Meanwhile, trade unionists also gathered outside Edinburgh City Council before taking their protest down to the Scottish Parliament.

A budget was passed with £33 million in cuts scheduled for Scotland’s capital city. At least 200 jobs are set to go under the coming years funding proposals under the SNP-Labour administration, but trade unions worry the ultimate number of job losses could be far higher.

Unison Edinburgh lead negotiator Tom Connolly said: “The Scottish Government must stop handing down austerity to councils. While it has faced a revenue cut of 1.8 per cent over the last five years, it has hit councils for a whopping 7.1 per cent in cuts.”

“Edinburgh has lost £240m – a quarter of its previous budget – in the last five years. Nine out of 10 of all public-sector job cuts have come from local councils.

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“And it is not only council jobs. A total of 35 community and voluntary organisations are set to lose out on their funding this year with more cuts likely to follow. These groups provide services our communities rely upon. There is a very serious risk that our young, elderly and vulnerable citizens could fall between society’s cracks if we do not stand together and speak up for them.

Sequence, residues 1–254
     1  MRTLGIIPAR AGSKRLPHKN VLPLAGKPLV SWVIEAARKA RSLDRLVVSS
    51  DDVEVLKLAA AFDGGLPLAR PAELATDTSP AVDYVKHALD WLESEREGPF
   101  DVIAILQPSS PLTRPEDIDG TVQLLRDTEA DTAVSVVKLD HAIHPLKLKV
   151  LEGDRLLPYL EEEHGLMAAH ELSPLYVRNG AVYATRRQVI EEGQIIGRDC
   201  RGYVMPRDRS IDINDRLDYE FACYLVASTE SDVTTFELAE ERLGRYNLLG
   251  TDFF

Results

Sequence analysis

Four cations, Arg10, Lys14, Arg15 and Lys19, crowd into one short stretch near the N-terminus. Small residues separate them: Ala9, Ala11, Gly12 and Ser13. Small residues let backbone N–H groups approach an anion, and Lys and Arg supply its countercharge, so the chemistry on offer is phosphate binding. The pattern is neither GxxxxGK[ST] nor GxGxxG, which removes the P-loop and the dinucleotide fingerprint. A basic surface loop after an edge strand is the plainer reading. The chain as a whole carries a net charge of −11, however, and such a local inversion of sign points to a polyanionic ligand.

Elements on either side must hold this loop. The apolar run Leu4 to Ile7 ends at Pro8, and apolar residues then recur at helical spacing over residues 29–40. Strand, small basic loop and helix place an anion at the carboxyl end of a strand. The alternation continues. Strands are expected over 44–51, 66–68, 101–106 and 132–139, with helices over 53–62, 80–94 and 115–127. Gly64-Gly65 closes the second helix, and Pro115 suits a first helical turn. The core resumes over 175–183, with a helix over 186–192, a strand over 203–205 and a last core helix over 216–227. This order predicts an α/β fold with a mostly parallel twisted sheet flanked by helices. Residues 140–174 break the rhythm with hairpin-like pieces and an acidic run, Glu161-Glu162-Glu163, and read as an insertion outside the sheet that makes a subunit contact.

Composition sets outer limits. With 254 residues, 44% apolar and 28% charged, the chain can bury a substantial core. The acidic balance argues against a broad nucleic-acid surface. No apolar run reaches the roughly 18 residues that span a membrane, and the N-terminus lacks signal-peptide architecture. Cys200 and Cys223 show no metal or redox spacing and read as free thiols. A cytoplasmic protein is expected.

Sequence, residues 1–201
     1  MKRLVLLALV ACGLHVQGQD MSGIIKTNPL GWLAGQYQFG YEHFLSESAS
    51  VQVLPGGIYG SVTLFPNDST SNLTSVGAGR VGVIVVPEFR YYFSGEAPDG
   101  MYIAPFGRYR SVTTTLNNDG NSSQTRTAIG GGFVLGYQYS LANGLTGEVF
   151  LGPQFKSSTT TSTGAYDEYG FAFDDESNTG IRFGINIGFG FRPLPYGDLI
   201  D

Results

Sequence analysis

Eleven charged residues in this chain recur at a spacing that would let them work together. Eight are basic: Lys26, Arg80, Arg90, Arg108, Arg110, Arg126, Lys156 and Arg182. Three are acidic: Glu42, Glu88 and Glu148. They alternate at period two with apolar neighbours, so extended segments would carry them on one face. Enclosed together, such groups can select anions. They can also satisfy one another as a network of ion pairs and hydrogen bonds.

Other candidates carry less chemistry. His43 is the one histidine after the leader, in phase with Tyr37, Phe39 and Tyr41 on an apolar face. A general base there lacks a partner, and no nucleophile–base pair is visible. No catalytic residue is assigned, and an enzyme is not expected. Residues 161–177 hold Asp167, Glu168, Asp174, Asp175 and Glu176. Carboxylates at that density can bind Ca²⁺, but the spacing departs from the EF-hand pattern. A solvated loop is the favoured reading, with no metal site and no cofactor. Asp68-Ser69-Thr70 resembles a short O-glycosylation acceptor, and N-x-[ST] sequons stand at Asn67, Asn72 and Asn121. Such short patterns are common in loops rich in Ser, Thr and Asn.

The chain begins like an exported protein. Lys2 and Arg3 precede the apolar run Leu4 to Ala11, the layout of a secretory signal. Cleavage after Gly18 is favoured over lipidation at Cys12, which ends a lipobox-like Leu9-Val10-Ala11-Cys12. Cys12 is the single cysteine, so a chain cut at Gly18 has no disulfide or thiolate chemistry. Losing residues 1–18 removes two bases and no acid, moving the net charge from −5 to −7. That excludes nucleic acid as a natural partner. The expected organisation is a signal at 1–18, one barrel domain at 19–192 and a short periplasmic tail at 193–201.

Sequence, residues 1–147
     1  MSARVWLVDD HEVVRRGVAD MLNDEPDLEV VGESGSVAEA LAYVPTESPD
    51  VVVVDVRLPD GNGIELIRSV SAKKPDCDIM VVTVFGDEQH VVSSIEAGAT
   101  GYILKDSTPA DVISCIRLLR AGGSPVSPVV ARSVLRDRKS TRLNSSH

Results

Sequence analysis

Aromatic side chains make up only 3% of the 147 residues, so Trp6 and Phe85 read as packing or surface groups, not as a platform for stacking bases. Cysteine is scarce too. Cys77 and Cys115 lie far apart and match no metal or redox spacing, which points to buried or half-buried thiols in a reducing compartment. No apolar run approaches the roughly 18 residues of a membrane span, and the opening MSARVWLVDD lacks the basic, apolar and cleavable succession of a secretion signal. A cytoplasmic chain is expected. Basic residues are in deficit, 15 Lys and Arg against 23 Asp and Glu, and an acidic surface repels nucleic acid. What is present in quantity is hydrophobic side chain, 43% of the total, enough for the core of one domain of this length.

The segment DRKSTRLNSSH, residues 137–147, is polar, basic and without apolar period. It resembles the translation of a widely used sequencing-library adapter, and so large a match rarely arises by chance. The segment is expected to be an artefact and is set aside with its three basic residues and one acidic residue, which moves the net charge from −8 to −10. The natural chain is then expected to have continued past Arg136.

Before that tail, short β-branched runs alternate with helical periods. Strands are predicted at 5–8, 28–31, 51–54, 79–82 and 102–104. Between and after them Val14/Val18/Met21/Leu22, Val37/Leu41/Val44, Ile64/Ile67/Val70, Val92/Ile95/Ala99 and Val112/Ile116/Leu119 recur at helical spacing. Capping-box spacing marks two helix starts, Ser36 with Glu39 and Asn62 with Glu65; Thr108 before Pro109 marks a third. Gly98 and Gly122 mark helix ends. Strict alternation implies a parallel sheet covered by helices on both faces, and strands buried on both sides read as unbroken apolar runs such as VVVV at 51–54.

“This just cannot continue if we expect decent local services. It is time for communities across Edinburgh to say enough is enough.”

Unison Edinburgh branch spokesperson John Stevenson said: “Unison is saying enough is enough and this silent slaughter of local services has to stop. We call on councillors to defend local services, challenge the Scottish Government for more funds and not just administer cuts.”

Responding to criticism of local authority funding cuts, a Scottish Government spokesperson said: “We are delivering the most significant empowerment of local authorities since devolution and providing additional funding to support local services, with up to £187 million of increased funding and flexibility to councils, on top of the £11.1 billion local government settlement. 

“In total overall spending power for local authorities next year will be £620 million higher than it is currently.”

The Scottish Parliament passed its Budget at Holyrood on Thursday, a formality after the SNP and Greens struck a budget deal last month which saw increased funding availability for local authorities agreed through the ability for Councils to increase the Council Tax, establish a Tourist levy and workplace car park levy. The Greens claimed the increased funding closed the £237 million gap in council budgets identified by Cosla, but with increased costs for education and social care, Councils have still faced holes in their budget for 2019/20. 

North Edinburgh Save Our Services campaigner Willie Black said: “Our campaign is to protect vital services that are needed. I think all projects are being attacked but North Edinburgh has had a larger propotion of cuts.

Picture courtesy: Unite Union/Twitter